Natasha Katz is a lighting designer for the theatre, dance, and opera. She won the 2016 Tony Award for Best Lighting Design of a Play for her work on Long Day’s Journey Into Night. She has 6 Tony Awards (3 plays, 3 musicals). Among her over 60 Broadway credits include designs for An American in Paris (2015 Tony Award), Aladdin, The Glass Menagerie (2014 Tony Award), Motown: The Musical, Once (2012 Tony Award), The Little Mermaid, The Coast of Utopia: Salvage (2007 Tony Award), Tarzan, The 25th Annual Putnam County Spelling Bee, Aida (2000 Tony Award), Twelfth Night, and Gypsy. In the world of dance, Katz is a frequent collaborator with choreographer Christopher Wheeldon, with projects including Tryst, Alice's Adventures in Wonderland, and The Winter’s Tale. Her film work includes Barrymore starring Christopher Plummer and Mike Tyson: The Undisputed Truth.Listen to Natasha enlighten us all with her thoughts on design and the theater including: How a simple internship unexpectedly lit the way to her career. What she writes in scripts when she reads them for the first time. Why she and all lighting designers have to be chameleons. The difference between working for a corporation like Disney and an independent Producer like, oh, I don’t know . . . me. What Producers and Authors need to know before hiring a designer. Keep up with me: @KenDavenportBwaywww.theproducersperspective.com Learn more about your ad choices. Visit megaphone.fm/adchoices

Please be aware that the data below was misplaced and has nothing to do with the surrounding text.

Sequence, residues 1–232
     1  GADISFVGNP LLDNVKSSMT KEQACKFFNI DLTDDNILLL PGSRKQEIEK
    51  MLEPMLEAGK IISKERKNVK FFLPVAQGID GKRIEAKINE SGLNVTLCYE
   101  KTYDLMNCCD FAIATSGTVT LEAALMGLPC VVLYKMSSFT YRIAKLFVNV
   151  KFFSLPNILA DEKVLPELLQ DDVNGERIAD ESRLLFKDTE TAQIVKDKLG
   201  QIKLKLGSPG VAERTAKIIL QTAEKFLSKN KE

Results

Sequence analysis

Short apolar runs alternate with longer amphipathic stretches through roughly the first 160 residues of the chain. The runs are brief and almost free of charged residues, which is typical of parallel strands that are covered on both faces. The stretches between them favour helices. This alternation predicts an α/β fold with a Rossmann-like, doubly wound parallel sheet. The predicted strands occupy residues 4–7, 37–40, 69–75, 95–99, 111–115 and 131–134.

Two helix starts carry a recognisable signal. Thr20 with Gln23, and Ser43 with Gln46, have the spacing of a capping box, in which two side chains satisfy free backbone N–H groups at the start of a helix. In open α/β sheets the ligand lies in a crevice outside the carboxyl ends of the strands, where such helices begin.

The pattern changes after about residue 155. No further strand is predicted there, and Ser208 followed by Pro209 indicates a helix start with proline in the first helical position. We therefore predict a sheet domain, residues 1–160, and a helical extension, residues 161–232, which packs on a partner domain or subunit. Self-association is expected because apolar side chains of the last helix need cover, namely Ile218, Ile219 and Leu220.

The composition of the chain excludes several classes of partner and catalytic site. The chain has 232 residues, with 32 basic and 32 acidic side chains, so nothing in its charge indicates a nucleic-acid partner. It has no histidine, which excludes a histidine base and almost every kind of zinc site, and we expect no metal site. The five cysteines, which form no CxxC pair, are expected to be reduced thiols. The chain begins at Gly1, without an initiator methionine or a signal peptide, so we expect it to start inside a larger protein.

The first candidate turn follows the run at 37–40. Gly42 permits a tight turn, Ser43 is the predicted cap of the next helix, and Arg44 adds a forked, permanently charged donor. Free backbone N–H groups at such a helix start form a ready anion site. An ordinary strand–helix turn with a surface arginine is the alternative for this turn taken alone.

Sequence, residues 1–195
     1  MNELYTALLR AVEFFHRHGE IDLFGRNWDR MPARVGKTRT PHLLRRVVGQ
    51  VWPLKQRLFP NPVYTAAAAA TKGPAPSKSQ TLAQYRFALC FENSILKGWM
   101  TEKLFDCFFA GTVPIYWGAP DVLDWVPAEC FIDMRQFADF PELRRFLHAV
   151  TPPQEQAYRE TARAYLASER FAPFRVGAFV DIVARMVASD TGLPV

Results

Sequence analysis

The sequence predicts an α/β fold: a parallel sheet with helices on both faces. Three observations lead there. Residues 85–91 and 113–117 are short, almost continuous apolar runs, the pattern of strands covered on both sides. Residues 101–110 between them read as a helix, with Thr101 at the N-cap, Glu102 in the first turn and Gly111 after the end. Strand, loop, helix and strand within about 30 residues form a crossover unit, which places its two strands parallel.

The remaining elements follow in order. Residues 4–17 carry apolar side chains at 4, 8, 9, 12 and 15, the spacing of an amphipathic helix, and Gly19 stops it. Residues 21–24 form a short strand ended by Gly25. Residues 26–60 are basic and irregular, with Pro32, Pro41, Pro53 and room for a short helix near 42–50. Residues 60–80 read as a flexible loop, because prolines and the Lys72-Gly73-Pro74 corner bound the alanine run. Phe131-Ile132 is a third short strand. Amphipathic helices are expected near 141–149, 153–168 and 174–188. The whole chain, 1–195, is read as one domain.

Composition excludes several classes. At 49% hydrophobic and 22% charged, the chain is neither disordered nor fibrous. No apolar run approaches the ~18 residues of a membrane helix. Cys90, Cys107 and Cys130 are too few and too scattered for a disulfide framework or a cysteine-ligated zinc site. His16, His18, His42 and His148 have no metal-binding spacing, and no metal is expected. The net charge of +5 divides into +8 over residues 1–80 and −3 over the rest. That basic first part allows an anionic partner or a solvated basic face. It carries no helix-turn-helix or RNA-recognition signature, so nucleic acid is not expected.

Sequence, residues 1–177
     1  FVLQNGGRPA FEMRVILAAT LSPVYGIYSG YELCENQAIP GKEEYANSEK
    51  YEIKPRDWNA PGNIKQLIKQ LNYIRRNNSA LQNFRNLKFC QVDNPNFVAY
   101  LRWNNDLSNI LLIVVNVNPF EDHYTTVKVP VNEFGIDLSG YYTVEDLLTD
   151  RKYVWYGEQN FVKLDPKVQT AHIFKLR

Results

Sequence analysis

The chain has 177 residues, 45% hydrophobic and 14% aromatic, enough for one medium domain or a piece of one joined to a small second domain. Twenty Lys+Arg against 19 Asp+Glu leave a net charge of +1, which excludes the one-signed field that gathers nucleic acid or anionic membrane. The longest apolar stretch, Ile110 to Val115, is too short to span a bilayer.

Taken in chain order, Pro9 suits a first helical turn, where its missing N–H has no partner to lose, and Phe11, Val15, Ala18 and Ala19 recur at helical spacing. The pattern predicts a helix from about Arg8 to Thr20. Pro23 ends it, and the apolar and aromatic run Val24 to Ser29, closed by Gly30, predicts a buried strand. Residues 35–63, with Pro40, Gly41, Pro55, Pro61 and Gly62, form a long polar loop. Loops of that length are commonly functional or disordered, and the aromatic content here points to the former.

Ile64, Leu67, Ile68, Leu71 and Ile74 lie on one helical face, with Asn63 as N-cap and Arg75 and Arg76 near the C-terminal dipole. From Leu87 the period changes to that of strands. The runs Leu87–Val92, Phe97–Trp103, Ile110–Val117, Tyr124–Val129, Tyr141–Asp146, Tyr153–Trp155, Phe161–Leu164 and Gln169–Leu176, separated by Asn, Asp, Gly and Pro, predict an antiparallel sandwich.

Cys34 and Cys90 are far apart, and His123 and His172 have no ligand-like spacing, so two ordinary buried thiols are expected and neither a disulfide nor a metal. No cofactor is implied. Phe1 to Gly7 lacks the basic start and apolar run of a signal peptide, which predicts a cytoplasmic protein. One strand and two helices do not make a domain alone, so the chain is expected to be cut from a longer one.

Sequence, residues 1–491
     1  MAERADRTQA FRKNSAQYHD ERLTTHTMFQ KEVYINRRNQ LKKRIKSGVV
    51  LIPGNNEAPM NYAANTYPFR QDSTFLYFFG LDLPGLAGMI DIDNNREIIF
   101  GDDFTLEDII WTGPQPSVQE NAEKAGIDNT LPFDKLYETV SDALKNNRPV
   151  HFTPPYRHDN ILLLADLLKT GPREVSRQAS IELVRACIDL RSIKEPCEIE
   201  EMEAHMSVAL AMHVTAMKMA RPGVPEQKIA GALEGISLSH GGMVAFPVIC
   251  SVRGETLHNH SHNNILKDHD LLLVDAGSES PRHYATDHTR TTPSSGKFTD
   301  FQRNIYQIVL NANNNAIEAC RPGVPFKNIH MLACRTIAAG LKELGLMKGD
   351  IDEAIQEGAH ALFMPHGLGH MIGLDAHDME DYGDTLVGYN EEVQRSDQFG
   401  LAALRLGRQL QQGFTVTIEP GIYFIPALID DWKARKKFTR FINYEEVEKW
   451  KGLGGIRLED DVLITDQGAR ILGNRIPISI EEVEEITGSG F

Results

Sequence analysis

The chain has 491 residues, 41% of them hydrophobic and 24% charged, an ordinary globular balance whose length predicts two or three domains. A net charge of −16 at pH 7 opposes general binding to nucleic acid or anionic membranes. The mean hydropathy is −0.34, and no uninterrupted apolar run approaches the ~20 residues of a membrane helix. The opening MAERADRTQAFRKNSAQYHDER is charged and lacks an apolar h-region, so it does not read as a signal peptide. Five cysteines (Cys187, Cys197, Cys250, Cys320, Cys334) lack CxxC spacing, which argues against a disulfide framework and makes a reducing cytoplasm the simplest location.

31mins

9 Jan 2017

Episode artwork

Natasha Katz (#302) - January, 2011

ATW - Downstage Center

"The Addams Family" and "Elf"'s lighting designer Natasha Katz talks about the path of her career, beginning with a high school community service requirement that saw her volunteering at a (now-defunct) Off-Broadway theatre and her semester away from Oberlin College as an intern/observer of designer Roger Morgan on the musical "I Remember Mama" which brought her into immediate contact with such notables as Liv Ullmann and Richard Rodgers. She discusses her on the job training (sans graduate school) with such figures as special effects whiz Bran Ferren and lighting designers Marcia Madeira and Ken Billington; explains why she thinks it takes longer now to mount a musical than it did when she began; how a tumultuous relationship with director Clifford Williams led to her Broadway debut at a very young age; what she learned from her work Off-Broadway and in regional theatre, including some 30 productions at the Dallas Theatre Center; why her task is to focus on two key elements -- people and sets -- and to both separate and unite them; how she comes to love a show that she didn't necessarily enjoy reading simply by virtue of working on it; when she joins the creative process with the director and other designers -- and whether that's always at the right time; how she constantly references and stays familiar with lighting in other shows and even other mediums; what it was like to be part of a triumvirate of designers for "The Coast of Utopia"; and why she thinks lighting design was initially very open to female designers and why she believes it's headed in the wrong direction today. Original air date - January 12, 2011.